In some cases, companies may want to simultaneously run multiple AI models all with different levels of transparency.
"They might be running a risk calculation model to find out what the risk level of a customer is, and at the same time they'll run a product selection algorithm," says Schuerman. "The two should be complementary. If the algorithm can explain itself to you, you can scan the predictors for bias. If the algorithm can't, you might need to put in a more rigorous testing model to look for bias, not in the algorithm itself but in the outcomes."
There's a growing trend for organisations to make their algorithms public. OpenAI, a non-profit AI research company supported by the aforementioned Musk communicates its work online. Apple, a company renowned for its secrecy, has also started releasing its AI research, while DeepMind made the freedom to publish its research papers a condition of its sale to Google.
Transparent AI by definition reveals the inner workings of a system that generates unique benefits for a business, but Nambiar argues that the true value lies elsewhere.
"What's going to be your competitive edge is the data and the way you train the models," he says. "Google can publish every algorithm it uses, but nobody on earth is going to have the mass of data that they have."
Schuerman agrees, adding the importance of AI strategy to the mix.
"What's becoming differentiated isn't the algorithms but how the business chooses to wrap a strategy around it," he says. "For example, how a company chooses to balance its cost of service against customer satisfaction. These are strategic choices a company makes, and it's where a company differentiates.
"Opaque AI will become more commoditised. Putting facial recognition – opaque AI – in my banking mobile app is fine, but I can use transparent AI that feels very personalised, real and meaningful to that client – and that's something that's very differentiated."
Making AI more transparent
Software companies are creating ways for their clients to improve AI transparency. In September, Pegasystems announced a capability designed to reduce these risks by opening up the black box of opaque AI.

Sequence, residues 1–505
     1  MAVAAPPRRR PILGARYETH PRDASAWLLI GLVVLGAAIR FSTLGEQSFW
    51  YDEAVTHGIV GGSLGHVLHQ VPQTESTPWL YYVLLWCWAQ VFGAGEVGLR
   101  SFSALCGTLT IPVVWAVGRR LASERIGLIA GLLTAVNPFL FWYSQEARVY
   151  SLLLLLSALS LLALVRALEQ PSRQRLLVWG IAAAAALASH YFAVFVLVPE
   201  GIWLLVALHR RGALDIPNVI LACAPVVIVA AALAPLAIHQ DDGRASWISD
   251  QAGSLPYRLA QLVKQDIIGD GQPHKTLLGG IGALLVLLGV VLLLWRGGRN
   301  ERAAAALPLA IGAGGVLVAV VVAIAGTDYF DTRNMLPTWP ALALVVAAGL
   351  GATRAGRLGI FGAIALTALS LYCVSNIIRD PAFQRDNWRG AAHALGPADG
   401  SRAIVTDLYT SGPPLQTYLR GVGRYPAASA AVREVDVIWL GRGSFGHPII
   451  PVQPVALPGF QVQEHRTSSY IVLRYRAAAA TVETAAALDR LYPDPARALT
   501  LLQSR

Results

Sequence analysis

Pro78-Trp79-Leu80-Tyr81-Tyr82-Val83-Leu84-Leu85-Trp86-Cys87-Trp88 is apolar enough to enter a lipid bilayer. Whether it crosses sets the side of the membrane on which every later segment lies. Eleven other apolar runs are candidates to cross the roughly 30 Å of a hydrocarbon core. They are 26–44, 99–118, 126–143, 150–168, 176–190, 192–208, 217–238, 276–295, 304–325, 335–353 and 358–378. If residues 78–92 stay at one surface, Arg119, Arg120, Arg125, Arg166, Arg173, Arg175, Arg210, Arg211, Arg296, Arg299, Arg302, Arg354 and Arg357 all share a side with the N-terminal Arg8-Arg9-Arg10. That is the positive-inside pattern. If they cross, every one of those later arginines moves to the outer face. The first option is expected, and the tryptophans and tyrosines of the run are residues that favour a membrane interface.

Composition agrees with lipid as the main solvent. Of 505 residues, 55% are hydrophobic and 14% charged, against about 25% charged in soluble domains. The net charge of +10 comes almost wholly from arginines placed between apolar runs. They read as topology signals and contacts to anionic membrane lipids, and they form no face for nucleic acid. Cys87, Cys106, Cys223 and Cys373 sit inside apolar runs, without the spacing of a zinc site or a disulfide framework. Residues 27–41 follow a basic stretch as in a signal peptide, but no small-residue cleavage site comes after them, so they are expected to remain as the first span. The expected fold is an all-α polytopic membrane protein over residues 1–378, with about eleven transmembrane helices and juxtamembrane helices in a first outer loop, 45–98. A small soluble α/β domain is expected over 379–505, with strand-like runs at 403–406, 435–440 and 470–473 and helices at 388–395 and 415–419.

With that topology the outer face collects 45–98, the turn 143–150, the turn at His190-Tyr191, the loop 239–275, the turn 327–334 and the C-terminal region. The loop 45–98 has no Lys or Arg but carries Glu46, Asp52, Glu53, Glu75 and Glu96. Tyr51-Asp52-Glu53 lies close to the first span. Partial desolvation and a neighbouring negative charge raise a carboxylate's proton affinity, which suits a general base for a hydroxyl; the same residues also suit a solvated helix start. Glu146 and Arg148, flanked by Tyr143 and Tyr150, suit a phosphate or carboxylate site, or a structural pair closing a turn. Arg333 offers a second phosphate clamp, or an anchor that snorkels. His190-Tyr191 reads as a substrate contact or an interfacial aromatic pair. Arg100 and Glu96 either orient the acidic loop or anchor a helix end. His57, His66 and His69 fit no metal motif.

The system, known as T-switch, lets organisations set thresholds for transparency or opaqueness for each AI model they use along a sliding scale. It combines the algorithms they use with their own business rules and strategies and the ethical values they want to be associated with their brand. They can then deploy AI algorithms based on the requirements of their business.
"They can dial up how much transparency they want in their decisions," says Schuerman.
"For example, with risk [assessment] I probably want to be very transparent. But with algorithms doing text analytics maybe I'm willing to accept a little more accuracy in exchange for being less transparent. And I'll be knowing full well that the more opaque I get, the more I'll need to do more bias-testing."
Governments and regulatory bodies have been slower to respond. Counterintuitive as it may seem, the calls for AI regulation are primarily coming from within the industry through voices of tech luminaries such as Musk.
"If you look at the people banging the drum for these issues, it's coming from universities and technologists saying that someone needs to wake up and appreciate the consequences for society as a whole," says Nambiar.
Pioneering computer scientist Ben Shneiderman used his 2017 Turing Lecture to call for a National Algorithm Safety Board to provide the necessary independent governance to ensure algorithmic accountability.
Suman believes the oversight will need to be provided by a combination of the academics researching AI, the companies that commercialise it, and public interest groups monitoring the deployment. This would help ensure that any resulting regulation and legislation is fair and effective.
"It has to be some kind of organisation in which everyone can have some faith, but without compromising commercial interests," he says.
Educating the public, says Schuerman, is another piece to the puzzle.
"The more we build data science education, the more we have a better understanding of what's going on inside these devices and applications we use every day."